Over the past few years, technology has revolutionized the healthcare system. Doctors are working more efficiently, and patient outcomes are improving. Healthcare information technology has transformed various processes within the healthcare industry. With AR and robotic applications, the future of healthcare is shaping in front of our eyes. However, technology also has its share of challenges. As doctors work on a unique treatment, they also face new legal challenges.
A balancing act
Medical professionals have to balance private rights with medical decision-making. While patient autonomy is a tenet of healthcare, physicians can limit this right to fulfill their fiduciary duties. The issue becomes even more problematic when doctors are facing a healthcare crisis. Take the COVID-19 pandemic as an example. There have been several reports of patients refusing invasive mandatory testing of the virus. However, their refusal is not only endangering them, but it is also putting the general public at risk of transmission. Despite this, the patients have to respect the autonomy of the patient.
The situation becomes even more complex in financial compensation cases for exposure to hazardous substances. In some cases, doctors do not have enough research to help patients with their claims. For example, in mesothelioma cases, the fundamental issue is that doctors do not know much about the disease. While they can diagnose a patient with mesothelioma, they cannot say when asbestos exposure occurred. Such patients have to rely on the skills of a mesothelioma attorney and hope for compensation and justice.
The modern healthcare system is a minefield of legal and ethical issues. The fundamental legal issues in healthcare relate to medical negligence, patient confidentiality, and consent. Doctors and nurses have to remain vigilant to avoid medical malpractice suits. We will consider some of these legal challenges in detail.
Antitrust issues and ACO:
Accountable Care Organizations are a conglomerate of hospitals and healthcare providers who coordinate care and deliver it at the correct time. The Medicare shared Savings Program envisions a collaborative approach towards healthcare. Ideally, this will reduce costs and improve quality. But, collaboration amongst competitors may raise antitrust issues. If ACO collaboration increases prices and lowers the quality of care, then the situation may become risky. Therefore, Antitrust Agencies have been actively enforcing antitrust laws against healthcare providers. Healthcare providers have to tread carefully or risk penalties under competition law.
False Claims Act and Whistle-blower suits:
The False Claims Act prohibits the knowing and improper retention of overpayment of government funds. Every day, healthcare providers submit millions of claims to government healthcare bodies. However, the government cannot scrutinize them. Fortunately, whistle-blowers cases have helped to govern bodies crack down on fraud. A Louisiana sports physician got a 37-month prison sentence in a health care fraud case. However, some experts believe that the requirement to prove should be more stringent. According to them, a physician fulfills the “knowing” requirement even if they act in ignorance of the circumstances.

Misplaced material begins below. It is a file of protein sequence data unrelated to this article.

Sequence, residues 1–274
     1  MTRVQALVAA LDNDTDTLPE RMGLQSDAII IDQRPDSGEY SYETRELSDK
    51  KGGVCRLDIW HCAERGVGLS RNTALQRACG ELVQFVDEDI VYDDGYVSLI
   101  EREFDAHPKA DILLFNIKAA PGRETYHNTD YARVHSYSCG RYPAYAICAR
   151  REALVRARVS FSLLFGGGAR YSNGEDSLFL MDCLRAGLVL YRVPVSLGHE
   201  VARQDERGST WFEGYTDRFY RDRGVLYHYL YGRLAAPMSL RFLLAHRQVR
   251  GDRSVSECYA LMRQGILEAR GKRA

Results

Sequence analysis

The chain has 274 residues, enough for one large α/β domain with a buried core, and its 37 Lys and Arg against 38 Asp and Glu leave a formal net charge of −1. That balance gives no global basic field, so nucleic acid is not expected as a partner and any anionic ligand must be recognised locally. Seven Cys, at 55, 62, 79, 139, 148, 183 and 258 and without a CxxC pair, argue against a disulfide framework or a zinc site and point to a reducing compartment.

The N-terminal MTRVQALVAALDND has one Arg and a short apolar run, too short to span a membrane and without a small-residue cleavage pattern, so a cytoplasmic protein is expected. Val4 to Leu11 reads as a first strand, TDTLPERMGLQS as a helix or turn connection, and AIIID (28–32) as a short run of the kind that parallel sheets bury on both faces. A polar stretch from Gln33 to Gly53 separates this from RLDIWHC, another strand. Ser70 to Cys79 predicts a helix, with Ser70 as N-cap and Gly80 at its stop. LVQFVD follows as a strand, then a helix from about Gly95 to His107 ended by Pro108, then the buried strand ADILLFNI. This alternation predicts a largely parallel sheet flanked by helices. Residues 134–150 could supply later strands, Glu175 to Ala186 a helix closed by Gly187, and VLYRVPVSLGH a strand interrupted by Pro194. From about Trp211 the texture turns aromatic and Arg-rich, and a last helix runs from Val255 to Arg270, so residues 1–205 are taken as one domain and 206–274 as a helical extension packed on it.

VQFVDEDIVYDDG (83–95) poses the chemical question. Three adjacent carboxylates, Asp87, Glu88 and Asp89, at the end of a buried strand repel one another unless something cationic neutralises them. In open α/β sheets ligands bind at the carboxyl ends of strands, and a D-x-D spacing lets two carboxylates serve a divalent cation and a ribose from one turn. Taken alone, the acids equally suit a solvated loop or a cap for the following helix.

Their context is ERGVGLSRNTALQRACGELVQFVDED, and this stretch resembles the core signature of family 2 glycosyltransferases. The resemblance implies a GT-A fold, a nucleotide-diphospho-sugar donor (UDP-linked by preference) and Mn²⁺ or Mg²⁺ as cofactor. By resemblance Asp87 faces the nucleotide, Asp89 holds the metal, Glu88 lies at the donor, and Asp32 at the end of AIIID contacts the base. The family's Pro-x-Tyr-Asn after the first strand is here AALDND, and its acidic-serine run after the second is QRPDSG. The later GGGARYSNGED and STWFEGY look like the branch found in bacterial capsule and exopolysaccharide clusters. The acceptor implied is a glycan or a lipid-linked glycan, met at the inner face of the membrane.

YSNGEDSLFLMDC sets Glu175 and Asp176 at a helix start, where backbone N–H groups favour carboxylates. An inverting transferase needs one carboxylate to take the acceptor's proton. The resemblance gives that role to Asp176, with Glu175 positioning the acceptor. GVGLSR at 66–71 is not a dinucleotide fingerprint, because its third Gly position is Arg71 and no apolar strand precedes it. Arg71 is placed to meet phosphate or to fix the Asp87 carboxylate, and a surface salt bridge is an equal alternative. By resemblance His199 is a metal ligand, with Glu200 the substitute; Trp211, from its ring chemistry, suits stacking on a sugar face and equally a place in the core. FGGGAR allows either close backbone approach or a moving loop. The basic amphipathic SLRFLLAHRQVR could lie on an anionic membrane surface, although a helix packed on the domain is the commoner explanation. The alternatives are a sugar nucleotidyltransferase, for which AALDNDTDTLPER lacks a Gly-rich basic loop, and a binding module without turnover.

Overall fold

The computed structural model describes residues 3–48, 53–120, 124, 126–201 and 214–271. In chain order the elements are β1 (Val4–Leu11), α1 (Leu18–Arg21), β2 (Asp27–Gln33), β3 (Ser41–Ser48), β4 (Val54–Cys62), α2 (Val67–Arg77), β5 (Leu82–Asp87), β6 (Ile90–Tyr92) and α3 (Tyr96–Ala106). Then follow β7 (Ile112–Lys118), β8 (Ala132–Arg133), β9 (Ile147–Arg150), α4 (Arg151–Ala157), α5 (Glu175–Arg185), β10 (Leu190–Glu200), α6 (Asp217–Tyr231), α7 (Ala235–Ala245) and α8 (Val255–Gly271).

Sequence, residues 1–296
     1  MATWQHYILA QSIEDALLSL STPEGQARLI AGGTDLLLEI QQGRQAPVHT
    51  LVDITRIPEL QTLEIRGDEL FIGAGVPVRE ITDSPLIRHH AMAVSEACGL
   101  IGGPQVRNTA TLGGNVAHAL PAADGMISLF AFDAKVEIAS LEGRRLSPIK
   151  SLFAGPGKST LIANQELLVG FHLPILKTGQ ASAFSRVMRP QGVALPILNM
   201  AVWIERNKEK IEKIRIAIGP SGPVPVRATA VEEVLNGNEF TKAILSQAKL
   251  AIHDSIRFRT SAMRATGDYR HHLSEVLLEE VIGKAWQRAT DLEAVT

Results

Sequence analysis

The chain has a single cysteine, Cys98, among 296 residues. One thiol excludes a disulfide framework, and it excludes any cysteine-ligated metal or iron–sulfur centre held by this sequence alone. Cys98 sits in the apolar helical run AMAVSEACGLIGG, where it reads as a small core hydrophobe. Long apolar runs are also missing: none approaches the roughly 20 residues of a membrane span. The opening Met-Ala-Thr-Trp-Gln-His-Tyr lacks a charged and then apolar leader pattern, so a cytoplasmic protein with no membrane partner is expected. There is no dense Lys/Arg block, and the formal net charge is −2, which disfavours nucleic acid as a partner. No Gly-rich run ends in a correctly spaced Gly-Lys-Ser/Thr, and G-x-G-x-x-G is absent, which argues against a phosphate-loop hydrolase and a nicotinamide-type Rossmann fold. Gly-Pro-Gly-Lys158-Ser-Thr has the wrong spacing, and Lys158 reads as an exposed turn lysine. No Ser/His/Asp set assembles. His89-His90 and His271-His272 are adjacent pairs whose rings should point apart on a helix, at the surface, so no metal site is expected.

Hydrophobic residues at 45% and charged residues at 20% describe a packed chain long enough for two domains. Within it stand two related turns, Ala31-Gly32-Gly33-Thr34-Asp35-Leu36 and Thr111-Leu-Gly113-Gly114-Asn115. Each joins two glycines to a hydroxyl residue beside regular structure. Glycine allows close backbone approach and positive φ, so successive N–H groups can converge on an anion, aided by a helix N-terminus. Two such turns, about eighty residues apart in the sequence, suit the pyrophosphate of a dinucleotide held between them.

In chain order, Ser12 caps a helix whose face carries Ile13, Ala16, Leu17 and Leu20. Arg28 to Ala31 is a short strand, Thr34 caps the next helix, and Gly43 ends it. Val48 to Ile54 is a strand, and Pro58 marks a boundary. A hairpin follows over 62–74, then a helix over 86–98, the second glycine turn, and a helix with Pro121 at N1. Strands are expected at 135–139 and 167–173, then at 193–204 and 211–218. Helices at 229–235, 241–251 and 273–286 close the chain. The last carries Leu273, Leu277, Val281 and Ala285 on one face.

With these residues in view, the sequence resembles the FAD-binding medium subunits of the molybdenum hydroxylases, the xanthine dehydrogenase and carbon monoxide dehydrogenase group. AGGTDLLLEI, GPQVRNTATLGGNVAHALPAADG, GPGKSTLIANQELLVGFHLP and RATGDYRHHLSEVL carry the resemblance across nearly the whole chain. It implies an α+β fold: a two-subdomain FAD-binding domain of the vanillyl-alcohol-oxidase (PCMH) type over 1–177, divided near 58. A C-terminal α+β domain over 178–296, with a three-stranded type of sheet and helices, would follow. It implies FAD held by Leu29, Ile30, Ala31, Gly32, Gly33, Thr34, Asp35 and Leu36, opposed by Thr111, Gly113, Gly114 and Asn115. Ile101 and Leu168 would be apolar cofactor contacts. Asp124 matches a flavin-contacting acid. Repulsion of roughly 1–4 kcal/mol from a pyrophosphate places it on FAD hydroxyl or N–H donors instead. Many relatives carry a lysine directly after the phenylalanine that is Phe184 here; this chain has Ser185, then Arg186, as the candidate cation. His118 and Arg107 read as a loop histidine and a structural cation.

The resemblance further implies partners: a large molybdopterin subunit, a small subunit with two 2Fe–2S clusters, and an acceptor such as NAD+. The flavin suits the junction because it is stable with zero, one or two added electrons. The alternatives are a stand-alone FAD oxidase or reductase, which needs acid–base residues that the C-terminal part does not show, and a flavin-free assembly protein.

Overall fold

A patient-doctor relationship is confidential. Confidentiality helps develop trust, and patients feel more comfortable sharing their history. However, the doctor can only disclose patient information to other healthcare personnel under necessity. The Health Insurance Portability and Accountability Act (HIPAA) protects patient data and privacy. When a healthcare worker discloses patient data to third parties, the patient can file a lawsuit against them. A HIPAA violation can result in a fine of $50,000 per violation or up to 10 years in jail. In a recent case, medical informatics engineering had to pay a fine of $900,000 after a massive data breach. HIPAA also states that providers have to notify the patient about a data breach because of an online attack. Failure to do so is a HIPAA violation.
Healthcare providers must inform the patient about the risk, benefits, and alternatives of proposed treatment. Furthermore, the information should be clear and understandable. The patient should decide whether they want to opt for a procedure or not. This principle of informed consent is also about patient autonomy. A patient could file a lawsuit if their doctor did not obtain informed consent before proceeding with a procedure. Traditionally, parental consent is sufficient for the treatment of minors. However, the situation is complicated when doctors have to treat an unaccompanied minor. Sometimes, a healthcare professional has to weigh the ethics of beneficence with autonomy or ask a judge to rule on the matter.
A doctor has to uphold standards of care when they treat a patient. So they have to provide the best treatment and take necessary action to help their patient get better. Medical malpractice occurs when doctors fail to do this. According to the Medical Malpractice Centre, Americans file 15,000 malpractice suits every year. Healthcare providers can limit their liability by training the workforce and improving the standards of care.
The healthcare sector is stumbling. Rising costs and a shortage of competent healthcare professionals will undermine the quality of care. Amidst this chaos, professionals are scrambling to improve patient outcomes. Every day, healthcare professionals face several challenges. They have to follow ethical and legal standards in treatment, management, and aftercare. And as the healthcare system faces new dilemmas, the situation will worsen unless healthcare managers mitigate the risks.